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Illegal building works reported at Victorian pumping station in Nottinghamshire

Enforcement action is being planned against the landowner of a Grade-II listed Victorian pumping station in Gedling after “illegal building works” were reported.

Bestwood Pumping Station, located to the north of Arnold on the A60, was built between 1871 and 1874 by Thomas Hawksley, an engineer for the Nottingham Waterworks Company.

It had been empty since 2017 before the site was purchased in 2019 for £1.5m.

Millions of pounds were invested in the development, most recently called ‘Lakeside’, and it was used as a wedding venue and restaurant until its sudden closure around a year ago.

Now, according to documents published ahead of a Gedling Borough Council Planning Committee meeting on January 10, a series of unauthorised building works have been reported.

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The pumping station, along with the park and garden which features a lake and fountain, are protected alongside the East Lodge.

The illegal building works identified on the site include the reduction in height and alteration of a brick wall attached to the East Lodge, the removal of listed gas lamps, the construction of a metal vent on the pumping station building and the fixing of timber fencing.

Unauthorised advertisements had also been put up on Mansfield Road.

“The loss of the upper part of the boundary wall is considered harmful to the
special architectural and historical interest of the listed building,” documents say.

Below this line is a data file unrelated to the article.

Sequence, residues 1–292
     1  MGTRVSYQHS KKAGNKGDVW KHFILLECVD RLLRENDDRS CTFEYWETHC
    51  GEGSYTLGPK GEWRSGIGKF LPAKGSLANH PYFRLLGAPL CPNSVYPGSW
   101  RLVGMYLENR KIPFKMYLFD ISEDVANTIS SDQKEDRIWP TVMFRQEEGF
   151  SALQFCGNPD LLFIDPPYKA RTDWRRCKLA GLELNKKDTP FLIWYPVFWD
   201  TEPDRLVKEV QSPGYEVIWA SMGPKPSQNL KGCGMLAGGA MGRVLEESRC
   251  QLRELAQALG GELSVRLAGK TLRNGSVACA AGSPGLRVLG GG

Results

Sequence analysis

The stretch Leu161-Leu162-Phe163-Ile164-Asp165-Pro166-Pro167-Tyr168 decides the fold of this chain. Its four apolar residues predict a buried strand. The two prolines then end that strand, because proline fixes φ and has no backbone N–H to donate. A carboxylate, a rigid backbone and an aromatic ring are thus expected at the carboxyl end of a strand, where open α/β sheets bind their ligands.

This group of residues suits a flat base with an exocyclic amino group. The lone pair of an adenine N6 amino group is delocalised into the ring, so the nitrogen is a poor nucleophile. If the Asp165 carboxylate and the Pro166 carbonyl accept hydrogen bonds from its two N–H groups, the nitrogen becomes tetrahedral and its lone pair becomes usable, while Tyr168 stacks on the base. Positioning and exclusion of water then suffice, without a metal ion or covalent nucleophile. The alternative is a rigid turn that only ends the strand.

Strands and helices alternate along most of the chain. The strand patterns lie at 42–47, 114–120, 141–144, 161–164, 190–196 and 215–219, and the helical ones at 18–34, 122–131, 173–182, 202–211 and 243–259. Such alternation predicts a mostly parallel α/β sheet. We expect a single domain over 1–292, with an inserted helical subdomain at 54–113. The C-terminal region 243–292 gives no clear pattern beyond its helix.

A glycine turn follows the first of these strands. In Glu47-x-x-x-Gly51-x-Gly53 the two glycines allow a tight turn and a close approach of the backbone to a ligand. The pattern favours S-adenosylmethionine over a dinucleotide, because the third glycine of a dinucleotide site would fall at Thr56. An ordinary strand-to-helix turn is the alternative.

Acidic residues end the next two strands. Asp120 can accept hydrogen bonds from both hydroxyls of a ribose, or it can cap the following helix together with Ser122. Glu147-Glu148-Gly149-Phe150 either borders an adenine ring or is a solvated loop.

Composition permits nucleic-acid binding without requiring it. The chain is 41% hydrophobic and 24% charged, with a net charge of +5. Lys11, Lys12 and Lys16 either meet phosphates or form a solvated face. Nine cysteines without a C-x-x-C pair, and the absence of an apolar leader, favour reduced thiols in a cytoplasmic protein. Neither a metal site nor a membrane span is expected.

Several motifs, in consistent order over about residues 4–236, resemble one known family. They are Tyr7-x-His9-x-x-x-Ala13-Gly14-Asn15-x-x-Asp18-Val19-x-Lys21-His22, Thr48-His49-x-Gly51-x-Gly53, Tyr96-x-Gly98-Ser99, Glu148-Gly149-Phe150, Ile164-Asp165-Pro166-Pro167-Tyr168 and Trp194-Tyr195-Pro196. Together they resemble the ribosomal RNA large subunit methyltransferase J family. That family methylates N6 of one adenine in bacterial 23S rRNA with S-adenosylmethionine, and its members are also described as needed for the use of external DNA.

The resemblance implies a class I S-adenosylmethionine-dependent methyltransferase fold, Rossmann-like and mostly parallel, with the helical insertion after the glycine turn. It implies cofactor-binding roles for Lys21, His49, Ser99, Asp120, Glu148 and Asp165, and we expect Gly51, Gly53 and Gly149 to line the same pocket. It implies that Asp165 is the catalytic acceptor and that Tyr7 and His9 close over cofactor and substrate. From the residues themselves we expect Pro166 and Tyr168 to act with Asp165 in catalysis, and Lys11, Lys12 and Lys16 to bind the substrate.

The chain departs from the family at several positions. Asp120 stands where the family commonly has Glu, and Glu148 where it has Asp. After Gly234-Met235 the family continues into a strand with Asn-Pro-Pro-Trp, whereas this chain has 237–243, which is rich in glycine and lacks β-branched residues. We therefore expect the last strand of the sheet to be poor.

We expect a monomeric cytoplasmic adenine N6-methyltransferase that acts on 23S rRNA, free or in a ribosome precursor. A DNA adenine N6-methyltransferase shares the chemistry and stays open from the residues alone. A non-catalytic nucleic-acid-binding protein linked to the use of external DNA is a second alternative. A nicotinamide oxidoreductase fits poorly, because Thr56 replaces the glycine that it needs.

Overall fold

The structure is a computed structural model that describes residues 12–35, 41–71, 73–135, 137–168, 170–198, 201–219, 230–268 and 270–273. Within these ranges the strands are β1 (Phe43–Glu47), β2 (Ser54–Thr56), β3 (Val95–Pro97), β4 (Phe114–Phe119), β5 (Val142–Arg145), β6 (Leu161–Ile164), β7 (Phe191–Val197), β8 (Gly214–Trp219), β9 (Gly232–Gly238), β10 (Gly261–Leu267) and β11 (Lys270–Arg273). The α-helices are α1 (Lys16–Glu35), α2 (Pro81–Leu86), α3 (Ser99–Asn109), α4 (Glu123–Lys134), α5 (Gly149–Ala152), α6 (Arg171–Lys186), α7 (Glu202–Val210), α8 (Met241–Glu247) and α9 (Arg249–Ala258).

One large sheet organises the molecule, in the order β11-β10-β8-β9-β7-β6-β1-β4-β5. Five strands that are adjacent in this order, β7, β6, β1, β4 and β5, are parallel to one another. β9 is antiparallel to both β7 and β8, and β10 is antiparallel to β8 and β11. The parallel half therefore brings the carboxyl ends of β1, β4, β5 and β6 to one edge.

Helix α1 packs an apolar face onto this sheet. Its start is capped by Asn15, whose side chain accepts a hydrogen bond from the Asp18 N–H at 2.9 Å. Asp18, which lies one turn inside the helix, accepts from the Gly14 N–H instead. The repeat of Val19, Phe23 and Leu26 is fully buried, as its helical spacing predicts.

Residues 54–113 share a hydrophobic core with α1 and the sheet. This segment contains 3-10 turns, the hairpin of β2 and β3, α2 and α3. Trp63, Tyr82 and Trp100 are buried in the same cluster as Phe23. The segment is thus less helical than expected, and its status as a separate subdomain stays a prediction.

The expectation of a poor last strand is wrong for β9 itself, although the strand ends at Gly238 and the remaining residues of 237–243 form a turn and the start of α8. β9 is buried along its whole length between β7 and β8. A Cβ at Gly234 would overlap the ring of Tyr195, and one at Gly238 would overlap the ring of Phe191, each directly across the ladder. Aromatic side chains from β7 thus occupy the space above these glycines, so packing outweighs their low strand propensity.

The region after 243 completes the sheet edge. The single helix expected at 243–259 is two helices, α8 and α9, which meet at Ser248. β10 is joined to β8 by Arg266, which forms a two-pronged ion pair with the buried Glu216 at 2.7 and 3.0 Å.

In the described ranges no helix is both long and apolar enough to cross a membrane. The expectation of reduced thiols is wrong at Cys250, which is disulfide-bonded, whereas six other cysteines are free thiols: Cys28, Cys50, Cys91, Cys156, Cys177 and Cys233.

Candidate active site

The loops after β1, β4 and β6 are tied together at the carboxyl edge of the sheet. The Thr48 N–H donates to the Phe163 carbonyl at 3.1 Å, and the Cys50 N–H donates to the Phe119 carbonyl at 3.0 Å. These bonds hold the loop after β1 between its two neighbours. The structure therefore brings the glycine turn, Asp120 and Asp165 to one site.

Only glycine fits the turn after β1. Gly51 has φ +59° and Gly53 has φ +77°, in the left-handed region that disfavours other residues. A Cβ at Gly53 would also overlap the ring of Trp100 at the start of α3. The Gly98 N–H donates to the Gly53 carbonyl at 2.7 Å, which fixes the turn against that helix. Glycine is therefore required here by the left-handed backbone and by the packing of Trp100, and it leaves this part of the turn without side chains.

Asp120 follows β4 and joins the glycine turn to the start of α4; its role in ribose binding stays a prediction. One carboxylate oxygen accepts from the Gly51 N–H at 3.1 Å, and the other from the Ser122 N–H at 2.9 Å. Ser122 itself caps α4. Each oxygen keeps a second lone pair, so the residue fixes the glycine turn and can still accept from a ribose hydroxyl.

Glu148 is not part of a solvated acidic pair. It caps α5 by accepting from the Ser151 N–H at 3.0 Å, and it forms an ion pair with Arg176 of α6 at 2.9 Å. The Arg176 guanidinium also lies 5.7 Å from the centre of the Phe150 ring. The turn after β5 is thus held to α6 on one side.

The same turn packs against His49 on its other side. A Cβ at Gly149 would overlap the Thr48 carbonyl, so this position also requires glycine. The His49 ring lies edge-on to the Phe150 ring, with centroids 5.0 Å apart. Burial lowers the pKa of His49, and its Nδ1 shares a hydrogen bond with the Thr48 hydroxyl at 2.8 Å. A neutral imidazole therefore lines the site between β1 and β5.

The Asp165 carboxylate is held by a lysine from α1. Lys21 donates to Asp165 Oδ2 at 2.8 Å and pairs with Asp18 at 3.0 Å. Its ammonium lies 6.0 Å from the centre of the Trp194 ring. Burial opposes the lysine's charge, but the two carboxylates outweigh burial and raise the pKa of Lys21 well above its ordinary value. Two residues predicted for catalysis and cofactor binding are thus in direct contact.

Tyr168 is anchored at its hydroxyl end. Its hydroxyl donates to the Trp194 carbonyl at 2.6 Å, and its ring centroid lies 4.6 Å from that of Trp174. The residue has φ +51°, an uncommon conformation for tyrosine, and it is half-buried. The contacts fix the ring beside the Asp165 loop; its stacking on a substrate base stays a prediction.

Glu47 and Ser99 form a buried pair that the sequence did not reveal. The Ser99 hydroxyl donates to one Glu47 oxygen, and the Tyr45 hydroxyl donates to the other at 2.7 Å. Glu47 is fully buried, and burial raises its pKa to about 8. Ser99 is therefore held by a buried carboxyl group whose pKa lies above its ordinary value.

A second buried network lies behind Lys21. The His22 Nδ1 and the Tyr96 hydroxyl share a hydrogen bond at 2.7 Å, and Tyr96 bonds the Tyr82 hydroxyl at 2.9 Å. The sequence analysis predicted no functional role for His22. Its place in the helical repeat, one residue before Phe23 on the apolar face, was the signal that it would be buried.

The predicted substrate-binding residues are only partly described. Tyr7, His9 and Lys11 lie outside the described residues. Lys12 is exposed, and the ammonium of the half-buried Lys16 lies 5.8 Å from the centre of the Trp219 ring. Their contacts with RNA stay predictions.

The gas lamps were listed in 1987 and date back to 1871. They are individually protected.

“The loss of the gas lamps can be categorised as substantial harm since they
are wholly removed from the site and listed in their own right,” documents add.

“The removal of the lamps is considered to have no public benefit at all.”

Other breaches include an extension to the car parking area, as well as the erection of staff, storage and food preparation units, a Santa’s Grotto building and a prosecco bar, barbecue and ice cream hut.

The Santa’s Grotto feature was advertised on Lakeside’s social media pages in 2022.

A listed building application was initially submitted to the council in August 2020, which sought permission for refurbishment works to the East Lodge and the reduction in height of the brick courtyard wall.

No listed building application was received for the removal of the gas lamps or
their repositioning, the construction of a vent on the pumping station building or the timber fencing.

The listed building application was refused in March last year.

A retrospective planning application had been submitted in a bid to gain permission for some of the breaches of planning control, however this was also refused in March.

Permission was only granted for listed building consent for refurbishing the pumping station building.

Council documents add: “The landowner had a meeting with council officers in May 2023 to discuss the site and the unauthorised developments.

“The planning department informed the landowner that there were particular concerns regarding the reduction in height of the brick boundary wall, the removal of gas lamps and the relocation of other gas lamps on the site.

“The landowner said that the gas lamps removed have been kept on site. However, officers have not seen the removed gas lamps.”

At the meeting on January 10, councillors will seek to authorise all relevant planning enforcement action, including the service of any necessary enforcement notices and the issue of proceedings through the courts.

This is to ensure the restoration of the listed buildings to their former
condition, the removal of the unauthorised development and the removal of the unlawful advertisements.

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